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EU Commission Releases Revised Draft Regulations on Energy Labeling and Ecodesign of Lighting Products

Oct 11, 2018 EU Commission Releases Revised Draft Regulations on Energy Labeling and Ecodesign of Lighting Products

Lights-1In the wake of the news which emerged a week ago that the EU Commission intends to revive the proposed ecodesign and energy labeling package, and will not abandon the initiative as was widely feared, the Commission has released for feedback a revised draft regulation on the energy labeling of light sources, to repeal Delegated Regulation (EU) No 874/2012, and a revised draft ‘single lighting’ ecodesign regulation repealing Commission Regulation (EU) No 1194/2012.

Energy labeling of lighting products

A preliminary draft was released last December, requiring new rescaled energy labels for lighting products and specific product information to be registered in the new energy labeling product database, as mandated under the framework energy labeling Regulation (EU) 2017/1369.

Importantly, the energy efficiency classes set out in Table 1 mirror those set out in last year’s draft.

A number of changes are however noteworthy regarding the revised proposal:

The latest draft would add 3 further exemptions to the rules, such that they would not apply to light sources specifically tested and approved to operate in:

– railway vehicle lighting as set out in Directive 2008/57/EC of the European Parliament and of the Council;

– marine equipment as set out in Directive 2014/90/EU of the European Parliament and of the Council;

– medical devices as set out in Council Directive 93/42/EEC10 and in vitro medical devices as set out in Directive 98/79/EC of the European Parliament and of the Council.

Moreover, it is now proposed that the delegated regulation would not apply to light sources in range hoods within the scope of Commission Delegated Regulation (EU) No 65/2014 and light sources in battery-operated products including, but not limited to: torches, mobile phones with an integrated torch light, toys including light sources, desk lamps operating only on batteries, armband lamps for cyclists, solar-powered garden lamps (the first draft restricted this exception to what it described as ‘portable battery-operated containing products’).

In terms of the label, the following alterations are evident:

  • Formatting and color scheme change

  • Illustrative standard label and small packaging label both supplied.

Interestingly, a new label information requirement has been introduced. Point 1.3 of Annex III now requires that the number of the enacted regulation be printed on the label, along with the following information: supplier’s name or trade mark; supplier’s model identifier; the energy efficiency class; the head of the arrow containing the energy efficiency class shall be placed at the same height as the head of the arrow of the relevant energy efficiency class; the QR-code, linking to the model information available in the public part of the product database; the energy consumption, expressed in kWh of electricity consumption per 1000 hours of light source in on-mode operation.

The specific details of the label design have now been worked out and appear in Point 2.3 of Annex III, with aspects such as dimensions, typeface, background, border and color described.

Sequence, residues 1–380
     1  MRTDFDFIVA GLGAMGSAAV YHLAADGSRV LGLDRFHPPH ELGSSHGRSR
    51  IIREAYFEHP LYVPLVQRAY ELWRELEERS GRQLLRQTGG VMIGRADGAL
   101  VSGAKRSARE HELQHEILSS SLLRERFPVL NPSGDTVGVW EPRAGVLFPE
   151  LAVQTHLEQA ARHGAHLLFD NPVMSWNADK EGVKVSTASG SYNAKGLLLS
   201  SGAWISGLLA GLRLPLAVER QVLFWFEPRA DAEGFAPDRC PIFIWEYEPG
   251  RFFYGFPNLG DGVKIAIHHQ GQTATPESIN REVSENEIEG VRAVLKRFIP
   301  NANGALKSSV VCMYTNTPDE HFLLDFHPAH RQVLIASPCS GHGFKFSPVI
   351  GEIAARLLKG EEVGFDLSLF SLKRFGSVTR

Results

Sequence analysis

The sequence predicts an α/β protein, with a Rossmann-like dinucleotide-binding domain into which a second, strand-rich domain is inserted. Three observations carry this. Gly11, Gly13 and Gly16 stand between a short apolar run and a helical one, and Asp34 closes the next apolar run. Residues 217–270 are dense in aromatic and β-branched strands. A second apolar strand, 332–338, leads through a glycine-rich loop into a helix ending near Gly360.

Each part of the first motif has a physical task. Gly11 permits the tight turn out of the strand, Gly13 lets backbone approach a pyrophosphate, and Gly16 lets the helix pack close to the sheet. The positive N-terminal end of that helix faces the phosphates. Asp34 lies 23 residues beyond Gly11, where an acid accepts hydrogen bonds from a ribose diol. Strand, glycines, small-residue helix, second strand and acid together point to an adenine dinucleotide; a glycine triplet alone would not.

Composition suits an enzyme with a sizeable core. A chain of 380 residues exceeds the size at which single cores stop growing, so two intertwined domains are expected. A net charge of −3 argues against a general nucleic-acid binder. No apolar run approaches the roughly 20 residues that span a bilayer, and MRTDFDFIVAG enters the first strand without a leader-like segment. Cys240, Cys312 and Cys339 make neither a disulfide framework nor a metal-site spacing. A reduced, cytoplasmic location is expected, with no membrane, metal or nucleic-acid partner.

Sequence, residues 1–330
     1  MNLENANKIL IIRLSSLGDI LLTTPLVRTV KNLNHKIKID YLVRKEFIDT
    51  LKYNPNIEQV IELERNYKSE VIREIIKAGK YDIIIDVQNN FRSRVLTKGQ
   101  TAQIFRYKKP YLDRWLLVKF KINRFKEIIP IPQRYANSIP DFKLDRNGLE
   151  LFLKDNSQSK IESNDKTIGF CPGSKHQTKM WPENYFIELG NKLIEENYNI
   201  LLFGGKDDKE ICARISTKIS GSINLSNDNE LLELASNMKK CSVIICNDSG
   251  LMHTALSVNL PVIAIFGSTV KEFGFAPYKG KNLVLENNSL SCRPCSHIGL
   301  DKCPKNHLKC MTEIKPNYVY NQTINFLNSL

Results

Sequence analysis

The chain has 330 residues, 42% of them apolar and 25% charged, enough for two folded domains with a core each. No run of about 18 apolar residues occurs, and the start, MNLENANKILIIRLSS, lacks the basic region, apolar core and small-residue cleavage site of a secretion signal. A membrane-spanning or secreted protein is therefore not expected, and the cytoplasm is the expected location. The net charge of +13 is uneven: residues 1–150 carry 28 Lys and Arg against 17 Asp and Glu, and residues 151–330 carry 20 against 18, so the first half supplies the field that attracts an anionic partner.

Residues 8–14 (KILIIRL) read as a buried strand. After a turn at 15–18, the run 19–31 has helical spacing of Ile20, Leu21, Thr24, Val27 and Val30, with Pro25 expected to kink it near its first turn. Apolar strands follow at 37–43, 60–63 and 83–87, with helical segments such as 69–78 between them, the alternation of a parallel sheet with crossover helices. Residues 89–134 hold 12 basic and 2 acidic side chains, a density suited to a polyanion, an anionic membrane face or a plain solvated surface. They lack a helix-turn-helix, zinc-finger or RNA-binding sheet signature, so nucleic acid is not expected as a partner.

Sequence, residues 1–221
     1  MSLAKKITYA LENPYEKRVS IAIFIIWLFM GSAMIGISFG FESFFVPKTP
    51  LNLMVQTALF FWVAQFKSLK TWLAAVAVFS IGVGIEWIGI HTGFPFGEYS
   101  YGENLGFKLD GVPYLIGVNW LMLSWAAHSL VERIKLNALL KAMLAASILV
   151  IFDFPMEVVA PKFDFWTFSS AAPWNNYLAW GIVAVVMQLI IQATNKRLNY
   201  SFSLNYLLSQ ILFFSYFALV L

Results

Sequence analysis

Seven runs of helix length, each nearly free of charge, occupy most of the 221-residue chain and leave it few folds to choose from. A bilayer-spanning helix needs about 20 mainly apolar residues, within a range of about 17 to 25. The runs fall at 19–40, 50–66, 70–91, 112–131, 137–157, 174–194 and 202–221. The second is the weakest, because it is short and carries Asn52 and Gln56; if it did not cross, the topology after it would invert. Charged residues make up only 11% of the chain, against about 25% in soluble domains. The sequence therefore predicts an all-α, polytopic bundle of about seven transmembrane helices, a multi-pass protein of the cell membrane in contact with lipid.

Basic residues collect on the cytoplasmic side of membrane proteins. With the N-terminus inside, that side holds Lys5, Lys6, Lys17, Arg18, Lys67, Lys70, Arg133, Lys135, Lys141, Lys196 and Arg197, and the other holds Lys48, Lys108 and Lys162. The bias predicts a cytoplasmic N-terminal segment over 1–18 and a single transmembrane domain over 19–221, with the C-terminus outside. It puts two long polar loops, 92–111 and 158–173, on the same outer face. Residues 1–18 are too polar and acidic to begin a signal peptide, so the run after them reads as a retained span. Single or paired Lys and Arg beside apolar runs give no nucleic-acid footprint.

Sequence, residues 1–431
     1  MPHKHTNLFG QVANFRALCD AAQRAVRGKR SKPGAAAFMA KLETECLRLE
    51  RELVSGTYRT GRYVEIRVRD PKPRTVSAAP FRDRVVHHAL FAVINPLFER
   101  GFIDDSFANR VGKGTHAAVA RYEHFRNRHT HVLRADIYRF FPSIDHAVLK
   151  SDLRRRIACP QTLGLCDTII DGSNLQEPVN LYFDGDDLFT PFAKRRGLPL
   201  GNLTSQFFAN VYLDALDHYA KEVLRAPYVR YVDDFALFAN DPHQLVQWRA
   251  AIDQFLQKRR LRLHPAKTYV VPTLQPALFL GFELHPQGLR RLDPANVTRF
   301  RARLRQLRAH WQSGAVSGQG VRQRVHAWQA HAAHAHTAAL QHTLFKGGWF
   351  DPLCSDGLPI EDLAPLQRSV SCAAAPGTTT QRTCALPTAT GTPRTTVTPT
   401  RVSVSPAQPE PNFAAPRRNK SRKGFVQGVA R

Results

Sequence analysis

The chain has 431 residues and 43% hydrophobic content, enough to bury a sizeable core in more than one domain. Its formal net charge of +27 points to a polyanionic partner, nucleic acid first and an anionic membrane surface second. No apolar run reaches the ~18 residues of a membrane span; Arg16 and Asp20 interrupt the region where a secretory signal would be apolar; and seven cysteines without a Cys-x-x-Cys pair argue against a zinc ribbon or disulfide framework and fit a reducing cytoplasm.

The draft is now subject to a 4-week feedback period, running from 9 October 2018 to 6 November 2018.

Ecodesign of lighting products

As expected, the revised draft bears visible signs of the Commission’s commitment, renewed just recently, to developing a circular economy.

In terms of differences with last December’s draft, exemptions have, similarly with the energy labeling requirements, been altered. The exemptions section has been supplemented with the addition of marine equipment, as set out in Directive 2014/90/EU, medical devices, as set out in Council Directive 93/42/EEC and in vitro medical devices as set out in Directive 98/79/EC.

However, in contrast to the earlier draft the following exclusions have been removed, and would appear to be within the scope of the draft: HID light sources with specific effective ultraviolet power >2 mW/klm, HID light sources with color temperature Tc > 7000 K and light sources with a beam angle of less than 10˚.

Additionally, as has occurred with the labeling draft, the exclusion for light sources and separate control gears in battery-operated products is no longer specifically described as limited to portable battery-operated products.

Ecodesign requirements have been moved from Annex III into Annex II, and are presented as 3 types: energy efficiency requirements for both light sources and separate control gear, functional and information requirements.

Perhaps the most notable divergence from Regulation (EU) No 1194/2012 is the inclusion of a separate Article focsed on promoting the removability of parts for testing and dismantling from containing products at end of life. Article 4 instructs that manufacturers and importers of containing products shall ensure that light sources and separate control gears can be removed without being permanently damaged for verification purposes by market surveillance authorities. Manufacturers and importers of containing products shall ensure that light sources and separate control gears can be dismantled from containing products at end of life. Moreover, instructions must be available on request. Manufacturers and importers of containing products must provide information about the replaceability or non-replaceability of light sources and control gears by endusers or qualified persons without permanent damage to the containing product. 

The requirements are scheduled to apply with effect from 1 September 2021.

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